‘Suicide Squad’ Mirrors the Human Condition (2016)

After months and month of hype (and virtual pleading from Warner Bros. for audiences to like this film) Suicide Squad has finally come to theaters and like its cast of characters, it has a few flaws. That is not to say that it is not enjoyable to watch. It’s an entertaining film. Is it good? Well, that depends.

As of late, DC Comic movies make a lot of money, but not as much as Warner Bros. would like. Each has its own set of fans that “loved” it regardless of the content but has faced a lot more backlash from others. Most complain that the films Man of Steel and Batman v Superman were too dark. Some say that the films would have done better if they were rated “R” as if the rating were some sort of magic wand. So, it is of no surprise that Suicide Squad had numerous tweaks in hopes of appeasing the fans as well as the critics. Instead of making a better movie, the end result is a choppy mess with little focus. Still, there are some diamonds in the rough if you seek them.

“I want to assemble a task force of the most dangerous people on the planet – the worst of the worst – who I think can do some good.” Says Amanda Waller, played by Viola Davis who is essentially just playing out a slightly different version of Annalise Keating from her TV show, How To Get Away With Murder. Suicide Squad opens with Waller stating that she has “got them all” even referring to Harley Quinn as the Joker’s girlfriend, but … she doesn’t have the Joker, creating the start of the first plot hole. Does she really think that she can use Harley without any backlash from the Joker?

The second plot hole is the actual task that she has planned for this rag tag of characters. It’s possible that I missed something (it’s easy to do with this movie) but it seems as if she had assembled them all for one mission but then all hell breaks loose and they end up serving another mission altogether.

The cast for Suicide Squad is huge and there is little attempt to bring the audience up to speed on who each character is. Some are given larger backstories (albeit told in a minute or two) and a few are almost added in as “oh, by the way, this guy is part of the squad too” characters. The three that we learn the most about are Harley Quinn, the Joker and Deadshot who are really the best parts of Suicide Squad.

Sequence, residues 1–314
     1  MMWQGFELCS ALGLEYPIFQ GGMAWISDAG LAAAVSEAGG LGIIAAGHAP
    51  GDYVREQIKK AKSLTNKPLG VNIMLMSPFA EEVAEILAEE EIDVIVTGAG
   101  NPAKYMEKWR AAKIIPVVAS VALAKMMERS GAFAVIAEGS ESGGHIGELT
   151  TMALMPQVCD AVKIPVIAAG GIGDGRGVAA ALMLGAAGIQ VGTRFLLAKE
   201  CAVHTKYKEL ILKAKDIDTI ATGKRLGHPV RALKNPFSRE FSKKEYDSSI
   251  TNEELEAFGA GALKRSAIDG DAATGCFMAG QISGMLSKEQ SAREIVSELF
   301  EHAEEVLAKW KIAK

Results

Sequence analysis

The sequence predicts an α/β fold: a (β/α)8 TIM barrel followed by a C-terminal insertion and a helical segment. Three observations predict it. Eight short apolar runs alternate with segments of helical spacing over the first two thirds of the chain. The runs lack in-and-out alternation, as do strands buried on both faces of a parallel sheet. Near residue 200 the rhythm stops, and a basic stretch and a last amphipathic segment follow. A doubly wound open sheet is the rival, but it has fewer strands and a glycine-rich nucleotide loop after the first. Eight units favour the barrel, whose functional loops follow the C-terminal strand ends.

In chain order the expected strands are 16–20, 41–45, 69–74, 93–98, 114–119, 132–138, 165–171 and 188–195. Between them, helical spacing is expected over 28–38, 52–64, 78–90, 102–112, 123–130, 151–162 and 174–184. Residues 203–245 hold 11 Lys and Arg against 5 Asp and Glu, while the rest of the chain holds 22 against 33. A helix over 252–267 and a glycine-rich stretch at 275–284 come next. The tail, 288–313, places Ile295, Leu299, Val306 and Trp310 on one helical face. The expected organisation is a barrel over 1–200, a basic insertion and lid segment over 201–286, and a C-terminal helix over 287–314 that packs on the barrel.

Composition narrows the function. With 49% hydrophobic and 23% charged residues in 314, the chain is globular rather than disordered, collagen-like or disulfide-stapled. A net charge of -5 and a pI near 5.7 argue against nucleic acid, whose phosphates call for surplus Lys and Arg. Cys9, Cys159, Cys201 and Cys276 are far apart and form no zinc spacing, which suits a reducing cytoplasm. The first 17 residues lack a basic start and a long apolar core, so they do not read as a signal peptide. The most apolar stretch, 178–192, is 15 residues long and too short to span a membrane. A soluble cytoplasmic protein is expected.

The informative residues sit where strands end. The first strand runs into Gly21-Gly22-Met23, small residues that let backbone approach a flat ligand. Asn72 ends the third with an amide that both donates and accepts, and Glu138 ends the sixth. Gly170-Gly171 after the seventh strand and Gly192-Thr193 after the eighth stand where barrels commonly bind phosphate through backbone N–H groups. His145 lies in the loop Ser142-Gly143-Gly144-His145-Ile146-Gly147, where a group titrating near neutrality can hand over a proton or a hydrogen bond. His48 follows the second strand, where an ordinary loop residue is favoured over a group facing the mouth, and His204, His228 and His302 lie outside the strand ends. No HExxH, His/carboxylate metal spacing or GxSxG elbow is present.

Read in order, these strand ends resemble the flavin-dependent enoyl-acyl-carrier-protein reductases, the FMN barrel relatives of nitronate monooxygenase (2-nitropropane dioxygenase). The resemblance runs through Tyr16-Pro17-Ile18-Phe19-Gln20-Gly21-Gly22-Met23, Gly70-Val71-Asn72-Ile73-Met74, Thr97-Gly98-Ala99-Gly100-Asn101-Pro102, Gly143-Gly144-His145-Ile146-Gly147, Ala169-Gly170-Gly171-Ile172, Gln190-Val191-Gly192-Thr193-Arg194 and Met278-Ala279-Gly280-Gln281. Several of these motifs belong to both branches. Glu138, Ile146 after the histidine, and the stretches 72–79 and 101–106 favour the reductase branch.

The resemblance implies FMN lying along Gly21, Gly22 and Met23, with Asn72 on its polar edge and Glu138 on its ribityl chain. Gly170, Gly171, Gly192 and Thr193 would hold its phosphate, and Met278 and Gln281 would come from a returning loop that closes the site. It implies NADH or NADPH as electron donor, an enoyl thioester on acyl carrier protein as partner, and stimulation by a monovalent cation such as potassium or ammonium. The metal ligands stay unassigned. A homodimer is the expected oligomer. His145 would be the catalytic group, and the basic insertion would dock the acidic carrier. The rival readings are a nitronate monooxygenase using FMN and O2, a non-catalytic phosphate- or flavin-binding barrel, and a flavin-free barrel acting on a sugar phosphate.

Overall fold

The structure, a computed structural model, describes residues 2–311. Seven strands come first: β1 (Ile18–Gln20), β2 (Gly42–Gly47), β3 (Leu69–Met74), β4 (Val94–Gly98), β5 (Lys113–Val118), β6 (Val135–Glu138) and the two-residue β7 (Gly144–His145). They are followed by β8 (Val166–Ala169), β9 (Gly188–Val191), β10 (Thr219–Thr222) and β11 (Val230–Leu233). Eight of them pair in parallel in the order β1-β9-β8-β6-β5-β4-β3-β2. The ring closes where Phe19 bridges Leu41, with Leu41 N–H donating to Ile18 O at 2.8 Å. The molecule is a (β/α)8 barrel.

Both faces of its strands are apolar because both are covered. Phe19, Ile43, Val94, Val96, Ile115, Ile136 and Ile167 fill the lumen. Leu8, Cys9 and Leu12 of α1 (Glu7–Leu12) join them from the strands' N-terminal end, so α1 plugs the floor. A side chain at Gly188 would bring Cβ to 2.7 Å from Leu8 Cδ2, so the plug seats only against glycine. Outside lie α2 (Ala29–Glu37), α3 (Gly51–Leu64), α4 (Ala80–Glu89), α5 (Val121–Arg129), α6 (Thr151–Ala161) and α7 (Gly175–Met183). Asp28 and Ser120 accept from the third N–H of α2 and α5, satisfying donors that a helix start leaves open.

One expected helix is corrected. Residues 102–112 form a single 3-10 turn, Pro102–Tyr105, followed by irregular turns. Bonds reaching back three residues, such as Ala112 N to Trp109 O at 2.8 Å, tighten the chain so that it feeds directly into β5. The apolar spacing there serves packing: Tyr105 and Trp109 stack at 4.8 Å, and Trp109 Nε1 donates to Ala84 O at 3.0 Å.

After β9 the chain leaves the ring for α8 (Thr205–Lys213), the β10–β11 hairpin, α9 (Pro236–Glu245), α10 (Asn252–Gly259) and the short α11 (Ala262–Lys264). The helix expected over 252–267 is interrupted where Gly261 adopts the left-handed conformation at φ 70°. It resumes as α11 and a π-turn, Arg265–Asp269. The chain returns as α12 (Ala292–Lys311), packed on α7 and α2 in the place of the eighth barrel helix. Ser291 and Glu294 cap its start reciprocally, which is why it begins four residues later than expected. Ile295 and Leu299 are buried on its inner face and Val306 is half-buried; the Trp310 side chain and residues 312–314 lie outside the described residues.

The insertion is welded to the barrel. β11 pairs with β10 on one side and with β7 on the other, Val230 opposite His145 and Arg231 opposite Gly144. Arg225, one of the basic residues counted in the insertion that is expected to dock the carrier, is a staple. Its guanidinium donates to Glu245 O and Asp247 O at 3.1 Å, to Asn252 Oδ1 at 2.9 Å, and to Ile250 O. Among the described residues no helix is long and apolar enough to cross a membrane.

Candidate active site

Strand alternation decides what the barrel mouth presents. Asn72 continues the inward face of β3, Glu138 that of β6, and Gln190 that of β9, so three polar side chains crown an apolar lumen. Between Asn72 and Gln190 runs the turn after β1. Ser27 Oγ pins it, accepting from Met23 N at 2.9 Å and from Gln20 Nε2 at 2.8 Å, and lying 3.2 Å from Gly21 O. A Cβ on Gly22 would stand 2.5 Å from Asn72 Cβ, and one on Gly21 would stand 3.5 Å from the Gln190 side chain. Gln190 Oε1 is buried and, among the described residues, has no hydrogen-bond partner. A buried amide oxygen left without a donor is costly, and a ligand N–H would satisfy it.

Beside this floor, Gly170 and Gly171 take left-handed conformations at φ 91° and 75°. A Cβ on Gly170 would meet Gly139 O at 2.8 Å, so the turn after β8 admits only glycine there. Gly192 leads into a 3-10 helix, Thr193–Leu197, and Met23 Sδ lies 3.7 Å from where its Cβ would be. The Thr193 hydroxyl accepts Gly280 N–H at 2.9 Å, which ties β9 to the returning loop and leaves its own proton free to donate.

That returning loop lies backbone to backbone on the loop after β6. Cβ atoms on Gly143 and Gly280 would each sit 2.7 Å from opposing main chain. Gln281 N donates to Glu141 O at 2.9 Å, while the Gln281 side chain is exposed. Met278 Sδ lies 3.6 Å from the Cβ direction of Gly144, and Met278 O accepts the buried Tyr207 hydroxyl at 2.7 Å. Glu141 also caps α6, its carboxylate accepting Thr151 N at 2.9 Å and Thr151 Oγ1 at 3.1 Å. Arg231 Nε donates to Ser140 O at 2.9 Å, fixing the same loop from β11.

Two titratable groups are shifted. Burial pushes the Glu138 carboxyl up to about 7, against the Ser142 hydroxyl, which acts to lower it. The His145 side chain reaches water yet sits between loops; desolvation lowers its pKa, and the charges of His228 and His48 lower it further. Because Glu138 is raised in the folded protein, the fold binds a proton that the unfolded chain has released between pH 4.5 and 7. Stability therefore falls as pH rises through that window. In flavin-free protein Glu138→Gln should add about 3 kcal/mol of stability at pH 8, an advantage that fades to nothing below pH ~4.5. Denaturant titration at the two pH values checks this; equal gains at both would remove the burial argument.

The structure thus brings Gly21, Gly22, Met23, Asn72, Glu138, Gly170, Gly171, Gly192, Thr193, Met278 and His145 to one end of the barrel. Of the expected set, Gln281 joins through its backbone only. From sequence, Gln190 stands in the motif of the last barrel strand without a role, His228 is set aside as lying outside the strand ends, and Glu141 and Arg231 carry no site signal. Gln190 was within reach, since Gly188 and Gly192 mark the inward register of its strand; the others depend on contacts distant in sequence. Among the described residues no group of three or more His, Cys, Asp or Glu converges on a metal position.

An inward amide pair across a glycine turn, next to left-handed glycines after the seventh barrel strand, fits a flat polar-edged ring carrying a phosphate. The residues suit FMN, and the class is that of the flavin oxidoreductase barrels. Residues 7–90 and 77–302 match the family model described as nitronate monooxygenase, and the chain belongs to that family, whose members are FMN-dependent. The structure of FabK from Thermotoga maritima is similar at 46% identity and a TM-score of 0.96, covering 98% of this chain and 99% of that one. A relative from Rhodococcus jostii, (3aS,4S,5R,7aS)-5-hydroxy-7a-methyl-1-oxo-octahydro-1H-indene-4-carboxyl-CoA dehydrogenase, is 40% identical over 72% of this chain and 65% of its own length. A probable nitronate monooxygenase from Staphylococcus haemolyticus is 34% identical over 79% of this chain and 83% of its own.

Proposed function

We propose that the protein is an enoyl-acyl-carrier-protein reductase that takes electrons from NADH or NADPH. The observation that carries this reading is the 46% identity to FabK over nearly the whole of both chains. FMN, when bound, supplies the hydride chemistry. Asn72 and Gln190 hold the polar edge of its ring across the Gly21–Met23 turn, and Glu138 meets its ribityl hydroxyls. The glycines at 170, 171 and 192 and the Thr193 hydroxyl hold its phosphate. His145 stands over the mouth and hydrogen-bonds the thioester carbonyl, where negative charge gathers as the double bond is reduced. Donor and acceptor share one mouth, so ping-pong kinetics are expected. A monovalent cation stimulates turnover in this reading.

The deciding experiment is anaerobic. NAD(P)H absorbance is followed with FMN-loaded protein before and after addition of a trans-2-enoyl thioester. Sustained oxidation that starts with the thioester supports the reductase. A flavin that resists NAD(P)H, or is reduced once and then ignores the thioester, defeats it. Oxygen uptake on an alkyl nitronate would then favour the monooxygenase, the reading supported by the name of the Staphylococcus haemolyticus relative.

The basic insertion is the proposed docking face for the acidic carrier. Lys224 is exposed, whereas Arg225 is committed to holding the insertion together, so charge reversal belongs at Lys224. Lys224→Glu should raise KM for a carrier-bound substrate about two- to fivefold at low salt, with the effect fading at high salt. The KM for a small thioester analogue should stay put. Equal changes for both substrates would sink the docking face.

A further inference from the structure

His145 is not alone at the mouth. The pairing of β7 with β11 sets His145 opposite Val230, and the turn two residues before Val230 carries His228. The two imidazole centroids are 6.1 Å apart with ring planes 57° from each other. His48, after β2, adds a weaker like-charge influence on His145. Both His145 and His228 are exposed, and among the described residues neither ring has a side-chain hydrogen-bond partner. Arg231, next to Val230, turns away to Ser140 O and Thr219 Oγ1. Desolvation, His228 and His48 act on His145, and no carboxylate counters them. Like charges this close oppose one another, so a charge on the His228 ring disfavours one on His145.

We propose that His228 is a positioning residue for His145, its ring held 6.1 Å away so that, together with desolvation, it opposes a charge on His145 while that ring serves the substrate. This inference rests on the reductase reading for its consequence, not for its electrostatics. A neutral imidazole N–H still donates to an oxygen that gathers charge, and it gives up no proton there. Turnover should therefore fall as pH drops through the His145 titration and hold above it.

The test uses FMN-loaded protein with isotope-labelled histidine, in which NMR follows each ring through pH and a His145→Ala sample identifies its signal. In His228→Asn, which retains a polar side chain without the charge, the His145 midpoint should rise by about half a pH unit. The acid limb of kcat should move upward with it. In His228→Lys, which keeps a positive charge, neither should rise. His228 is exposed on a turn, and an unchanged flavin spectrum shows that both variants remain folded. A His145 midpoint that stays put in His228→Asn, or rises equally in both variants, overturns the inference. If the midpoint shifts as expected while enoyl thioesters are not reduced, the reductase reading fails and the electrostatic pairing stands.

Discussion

As mentioned, Quinn (played by Margot Robbie) is the girlfriend of the Joker. She was a psychiatrist (Dr. Harleen Quinzel) assigned to the Joker (Jared Leto) who ended up falling in love with him. What I wanted in this film was to explain why she fell in love with him. Though no fault on Robbie’s part, her character development is pretty thin. She is less than convincing in her flashback scenes playing the psychiatrist, but is much better as the full-fledged nuthouse that is Harley Quinn. For Leto, he makes a fine Joker that stands out as different from the ones who played the character before him, but for so much talk about this role, you would have thought that he would have shown up more often in the movie. Deadshot (Will Smith) is an assassin who never misses a shot. The only thing that keeps him from going off the edge completely is his love for his daughter who wants nothing more than her daddy to stop killing people. How these two come from the same family is a bit of a mystery, but it helps to give his character a little humanity.

Other villains on the squad include Boomerang (Jai Courtney) an obnoxious bank robber from Australia, Diablo (Jay Herandez) who can set fires instantly, June Moone and her counterpart Enchantress (Cara Delevingne) who is one messed up witch, Slipknot (Adam Beach) a master of rope apparently, and Killer Croc a man who looks and acts more like a crocodile with little backstory.

The group is led by military leader Rick Flag (Joel Kinnaman) and aided by Katana, another “oh, by the way” characters. It is never really explained why she is helping Flag. Waller has something on all of these characters and implants some device in each of their necks that will explode if any of the squad members try to go rogue. Together, they have to fight an impossible foe to save themselves and the world. The film is chaotic and confusing, but overall, a good time.

However, what helps this movie is its underlying theme of redemption. Harley is a mess, but deep down just wants to be “normal,” Deadshot wants to do good so that he can reunited with his daughter and prove to her that is a complete screw up and Diablo has huge regrets from the crimes he has caused in the past.

In a rare quiet moment in the film, the villains sit around and access their situation. One spouts off to Harley that she is beautiful on the outside, but inside she is ugly. She barks back, “We all are!” And there’s the rub.

I couldn’t help but take this scene and compare it to Christians attending Sunday morning church services, myself included. While this isn’t the case with everyone, many of us attend church with big smiles on our faces on the outside while on the inside we are dealing with pain or wrestling with insecurity. It’s easy to pass by each other and never notice what’s really going on inside of each other. Either we don’t ask, they don’t feel like they can tell or a little of both.

Suicide Squad doesn’t try too hard to make us feel sorry for the villains and not all of them are asking for acceptance, but it was nice to see some humanity shown. For those who are eager to see Batman (Ben Affleck) again, you’ll be pleased by the few scenes he shows up in. Also, another DC hero makes a cameo appearance, but blink and you’ll miss him.

Main Image: Warner Bros.

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